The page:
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Premature regulation of AI could strengthen the dominance of big tech companies and stifle competition, warns Meta's chief researcher Yann LeCun.

LeCun believes that regulating AI research and development could be counterproductive and lead to "regulatory capture" under the guise of AI safety.

He blames calls for AI regulation on the "superiority complex" of leading technology companies, which claim that only they are trustworthy enough to develop AI safely.

LeCun called this attitude "incredibly arrogant" and advocated a more open approach to AI development. Meta relies on open-source models like LLaMA, which encourage competition and allow a wider variety of people to develop and use AI systems, LeCun said.


Critics of Meta's strategy, on the other hand, worry that putting powerful generative AI models in the hands of potentially malicious actors could increase the risks of disinformation, cyber warfare, and bioterrorism.

The renowned AI researcher made the comments to the Financial Times ahead of the Bletchley Park Conference on AI Security, organized by the British government in November.

Don't fear the Terminator

LeCun called the idea that today's AI could lead to the annihilation of humanity "preposterous." People, he said, have been conditioned by science fiction and the "Terminator" scenario to believe that intelligent machines will take over the moment they become smarter than humans.

But intelligence and the drive for dominance are not synonymous, said LeCun, who sees humans as an apex species even in the age of super AI. According to LeCun, today's AI models are not as powerful as some researchers make them out to be. They lack understanding of the world, planning, and true reasoning.

LeCun accuses OpenAI and Google DeepMind in particular of being "consistently over-optimistic." Human-like AI, he says, is much more complex than today's systems and requires several "conceptual breakthroughs."


He suggests that AI could be controlled by building "moral character" into these systems, similar to how laws regulate human behavior. The startup Anthropic is taking this approach with a constitution for the chatbot Claude, and OpenAI has said it is also experimenting with this approach.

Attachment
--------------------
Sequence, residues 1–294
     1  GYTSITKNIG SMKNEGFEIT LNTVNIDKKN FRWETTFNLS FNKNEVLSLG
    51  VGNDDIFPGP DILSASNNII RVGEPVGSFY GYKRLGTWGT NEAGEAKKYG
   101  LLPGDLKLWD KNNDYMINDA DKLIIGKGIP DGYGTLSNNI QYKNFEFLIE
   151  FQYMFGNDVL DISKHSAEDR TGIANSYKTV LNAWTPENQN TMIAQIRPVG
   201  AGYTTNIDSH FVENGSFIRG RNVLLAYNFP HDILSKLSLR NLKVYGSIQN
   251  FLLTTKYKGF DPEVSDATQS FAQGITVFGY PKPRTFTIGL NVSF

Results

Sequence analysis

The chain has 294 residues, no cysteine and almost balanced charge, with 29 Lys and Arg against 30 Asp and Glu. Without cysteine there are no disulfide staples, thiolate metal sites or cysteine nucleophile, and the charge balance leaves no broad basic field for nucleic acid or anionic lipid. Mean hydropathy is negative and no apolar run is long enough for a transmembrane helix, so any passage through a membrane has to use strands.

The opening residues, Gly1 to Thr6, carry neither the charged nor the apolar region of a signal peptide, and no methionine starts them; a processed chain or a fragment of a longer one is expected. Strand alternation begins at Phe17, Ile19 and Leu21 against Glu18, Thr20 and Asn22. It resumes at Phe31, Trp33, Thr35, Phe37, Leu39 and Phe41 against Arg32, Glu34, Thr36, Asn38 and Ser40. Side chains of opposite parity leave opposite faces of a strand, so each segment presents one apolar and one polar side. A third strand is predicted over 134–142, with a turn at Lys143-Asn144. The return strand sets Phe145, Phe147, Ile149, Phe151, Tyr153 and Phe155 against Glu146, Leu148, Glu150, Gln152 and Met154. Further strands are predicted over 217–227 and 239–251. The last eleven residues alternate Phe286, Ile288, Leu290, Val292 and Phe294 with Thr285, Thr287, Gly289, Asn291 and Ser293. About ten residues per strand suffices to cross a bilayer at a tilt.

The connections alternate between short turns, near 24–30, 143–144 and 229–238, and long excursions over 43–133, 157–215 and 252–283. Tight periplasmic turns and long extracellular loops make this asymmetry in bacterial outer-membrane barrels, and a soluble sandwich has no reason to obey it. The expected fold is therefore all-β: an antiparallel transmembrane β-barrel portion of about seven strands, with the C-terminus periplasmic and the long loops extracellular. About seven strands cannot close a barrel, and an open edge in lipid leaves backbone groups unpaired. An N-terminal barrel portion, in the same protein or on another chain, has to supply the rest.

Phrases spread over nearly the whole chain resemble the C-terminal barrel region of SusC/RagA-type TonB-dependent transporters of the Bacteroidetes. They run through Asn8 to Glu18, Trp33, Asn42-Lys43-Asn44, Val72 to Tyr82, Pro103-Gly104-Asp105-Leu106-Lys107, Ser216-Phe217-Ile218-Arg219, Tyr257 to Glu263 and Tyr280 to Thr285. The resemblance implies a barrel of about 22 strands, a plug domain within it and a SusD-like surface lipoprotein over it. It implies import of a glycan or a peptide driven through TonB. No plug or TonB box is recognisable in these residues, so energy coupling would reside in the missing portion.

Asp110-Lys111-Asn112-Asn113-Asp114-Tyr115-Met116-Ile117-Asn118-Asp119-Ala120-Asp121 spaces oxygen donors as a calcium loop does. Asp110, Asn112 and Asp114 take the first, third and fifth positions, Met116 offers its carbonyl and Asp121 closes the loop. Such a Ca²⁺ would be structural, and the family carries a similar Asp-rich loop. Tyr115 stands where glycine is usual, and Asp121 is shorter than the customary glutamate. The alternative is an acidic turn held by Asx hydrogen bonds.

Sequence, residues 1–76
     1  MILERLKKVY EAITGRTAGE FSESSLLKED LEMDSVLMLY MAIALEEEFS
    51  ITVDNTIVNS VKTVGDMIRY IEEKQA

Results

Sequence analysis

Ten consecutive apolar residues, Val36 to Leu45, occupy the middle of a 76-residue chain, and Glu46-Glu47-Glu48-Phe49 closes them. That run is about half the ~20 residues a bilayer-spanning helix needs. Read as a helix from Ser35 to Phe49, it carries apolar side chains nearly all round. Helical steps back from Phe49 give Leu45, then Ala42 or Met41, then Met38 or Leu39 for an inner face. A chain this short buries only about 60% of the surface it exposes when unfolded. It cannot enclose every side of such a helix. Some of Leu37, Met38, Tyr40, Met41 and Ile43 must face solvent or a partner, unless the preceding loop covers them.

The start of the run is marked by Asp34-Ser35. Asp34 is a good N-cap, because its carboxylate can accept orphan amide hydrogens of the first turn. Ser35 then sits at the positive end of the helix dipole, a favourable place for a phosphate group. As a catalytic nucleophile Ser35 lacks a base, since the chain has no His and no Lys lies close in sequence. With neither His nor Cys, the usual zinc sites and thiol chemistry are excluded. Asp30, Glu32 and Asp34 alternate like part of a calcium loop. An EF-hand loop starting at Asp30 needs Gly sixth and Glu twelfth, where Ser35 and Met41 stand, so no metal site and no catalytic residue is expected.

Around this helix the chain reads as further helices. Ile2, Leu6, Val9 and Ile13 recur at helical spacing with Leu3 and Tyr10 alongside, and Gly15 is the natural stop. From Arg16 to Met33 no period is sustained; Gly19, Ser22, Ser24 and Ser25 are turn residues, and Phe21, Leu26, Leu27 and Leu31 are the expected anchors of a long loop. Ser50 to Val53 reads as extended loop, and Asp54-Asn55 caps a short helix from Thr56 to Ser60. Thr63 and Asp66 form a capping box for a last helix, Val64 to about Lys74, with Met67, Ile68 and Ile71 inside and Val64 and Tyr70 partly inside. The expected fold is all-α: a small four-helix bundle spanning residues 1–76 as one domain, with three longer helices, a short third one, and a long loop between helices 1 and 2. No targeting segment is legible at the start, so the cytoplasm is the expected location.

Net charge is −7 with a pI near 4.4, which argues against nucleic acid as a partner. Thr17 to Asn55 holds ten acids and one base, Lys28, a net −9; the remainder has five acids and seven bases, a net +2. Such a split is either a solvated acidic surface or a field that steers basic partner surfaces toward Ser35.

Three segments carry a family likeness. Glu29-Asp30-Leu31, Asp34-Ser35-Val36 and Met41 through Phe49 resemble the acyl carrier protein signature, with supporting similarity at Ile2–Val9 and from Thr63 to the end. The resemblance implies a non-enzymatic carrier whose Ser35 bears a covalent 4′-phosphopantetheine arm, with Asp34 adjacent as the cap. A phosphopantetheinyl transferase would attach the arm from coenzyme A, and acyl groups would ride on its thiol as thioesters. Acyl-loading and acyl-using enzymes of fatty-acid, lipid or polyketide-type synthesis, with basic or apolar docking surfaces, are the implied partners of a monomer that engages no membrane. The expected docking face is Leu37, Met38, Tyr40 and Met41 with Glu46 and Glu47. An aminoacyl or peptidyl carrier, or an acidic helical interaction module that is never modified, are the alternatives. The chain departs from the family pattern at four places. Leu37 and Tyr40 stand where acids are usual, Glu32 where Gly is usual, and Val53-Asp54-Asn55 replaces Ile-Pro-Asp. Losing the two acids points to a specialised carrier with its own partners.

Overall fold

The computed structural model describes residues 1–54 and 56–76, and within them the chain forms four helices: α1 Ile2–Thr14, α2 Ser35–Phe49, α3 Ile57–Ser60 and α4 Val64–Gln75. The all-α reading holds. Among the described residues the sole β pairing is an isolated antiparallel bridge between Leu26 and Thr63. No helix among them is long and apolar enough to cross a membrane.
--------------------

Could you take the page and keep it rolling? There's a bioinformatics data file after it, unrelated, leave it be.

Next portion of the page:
The machine is ahead eventually

But LeCun also believes there is "no question" that machines will surpass human intelligence in most areas, which he sees as a positive: It could lead to a second renaissance in learning. In addition, capable AI systems could help humanity tackle major challenges such as climate change and curing disease.

LeCun envisions a future where everyone has access to AI assistants that support everyday life and make it easier to interact with the digital world. "We’re not going to use search engines anymore," he said.

In the spring of 2022, LeCun presented his vision of a future "autonomous AI" that could bring AI closer to human-like intelligence. The architecture consists of six modules: configurator, perception, world model, cost, actor, and short-term memory. The world model module is based on Joint Embedding Predictive Architectures (JEPA) and is the core of the proposed architecture. It enables unsupervised learning with large amounts of complex data and generates abstract representations. However, many questions remain open.

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  • Yann LeCun, senior AI researcher at Meta, warns against premature AI regulation that could increase the dominance of large technology companies and stifle competition.LeCun
  • supports open AI development and advocates for open-source AI systems to promote competition and give more people access to AI technologies.
  • LeCun believes that current AI is overrated. But he also emphasizes the potential benefits of more powerful AI systems in the future to address challenges such as climate change and disease control. AI will undoubtedly become smarter than humans, he says.
Online journalist Matthias is the co-founder and publisher of THE DECODER. He believes that artificial intelligence will fundamentally change the relationship between humans and computers.
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